A five-year study will be devoted to learning more about how two communities are working to recover from widespread asbestos exposure after a local asbestos factory was shuttered.
As our Boston mesothelioma lawyers understand it, the University of Pennsylvania, Penn Medicine, was awarded a $1.2 million grant from the National Institutes of Health to move forward with the research.
Specifically, the researchers are looking at the communities of South and West Ambler, just north of Philadelphia in Pennsylvania. There, asbestos isn’t just a past or passing concern. It continues to be a very real problem, due to the extremely high levels of the product that was used throughout the region.
Asbestos, as you probably know, is the sole cause of a rare and deadly form of cancer known as mesothelioma. A person who is exposed to asbestos through airborne particles or fibers is at high risk for developing mesothelioma or asbestosis, a similar disease. Both ailments are fatal, though asbestosis is more of a chronic condition, while mesothelioma kills very quickly. In both cases, a sufferer will not know they are sick until years or decades after exposure.
According to researchers, these communities have been at risk since the late 1880s, when the asbestos factory was first founded. Those who live or have lived there have had to contend with either occupational exposure or environmental exposure. In these areas, the Pennsylvania Department of Health has already deemed these residents to be at a much higher risk of developing mesothelioma than those living elsewhere in Pennsylvania.
One of the associate professors preparing to conduct the study said that not only are residents suffering an existing health risk, but ironically, the entire community suffered a horrible financial blow when the asbestos factory shut down.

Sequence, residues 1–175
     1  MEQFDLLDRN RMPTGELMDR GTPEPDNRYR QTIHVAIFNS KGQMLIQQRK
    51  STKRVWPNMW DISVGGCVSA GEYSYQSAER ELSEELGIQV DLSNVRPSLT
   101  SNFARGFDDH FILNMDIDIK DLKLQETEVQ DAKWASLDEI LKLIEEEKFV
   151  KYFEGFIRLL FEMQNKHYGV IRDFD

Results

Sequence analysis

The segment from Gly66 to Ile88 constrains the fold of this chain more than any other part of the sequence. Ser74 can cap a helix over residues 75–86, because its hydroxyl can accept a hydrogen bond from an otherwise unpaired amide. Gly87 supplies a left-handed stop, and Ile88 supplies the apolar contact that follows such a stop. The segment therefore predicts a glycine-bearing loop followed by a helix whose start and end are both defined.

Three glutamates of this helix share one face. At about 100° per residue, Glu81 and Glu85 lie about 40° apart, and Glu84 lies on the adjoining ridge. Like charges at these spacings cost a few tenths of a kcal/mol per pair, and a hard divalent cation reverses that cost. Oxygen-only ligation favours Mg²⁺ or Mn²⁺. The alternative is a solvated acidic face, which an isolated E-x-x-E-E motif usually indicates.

The researchers are aiming to develop a storehouse of information relating to asbestos-related health risks, as well as profile individuals who were affected by either working or living near the asbestos factory. The effort will also provide an opportunity for an information exchange among scientists and residents. And it will serve as a case study for communities that are facing similar challenges – and there are several of them throughout the United States. In Massachusetts, for example, researchers believe there are a total of 44 asbestos exposure sites, such as the A.C. Lawrence Factory in Peabody, which has been sued multiple times by former workers who developed mesothelioma.
The major components of this project are set to include:
- A documentation of the history through recorded interviews of low-income Italian and African American immigrant asbestos workers, as well as their families and neighbors;
- Development of an accessible repository of news accounts, documents, life stories, photographs and scientific data surrounding the communities, which will ultimately be used as a resource for researchers, students and community activists.
While the researchers hope this study will result in a wealth of information for anyone who wishes to access it, they said they have already discovered in the pilot portion of the study that sharing their stories has been incredibly healing for mesothelioma sufferers and their families.
If you or a loved one is diagnosed with mesothelioma in New England, call for a free and confidential appointment at 1-888-367-2900.
Penn Medicine Receives Grant For Asbestos Study In Ambler, Nov. 23, 2012, By Michelle Durham, CBS Philadelphia
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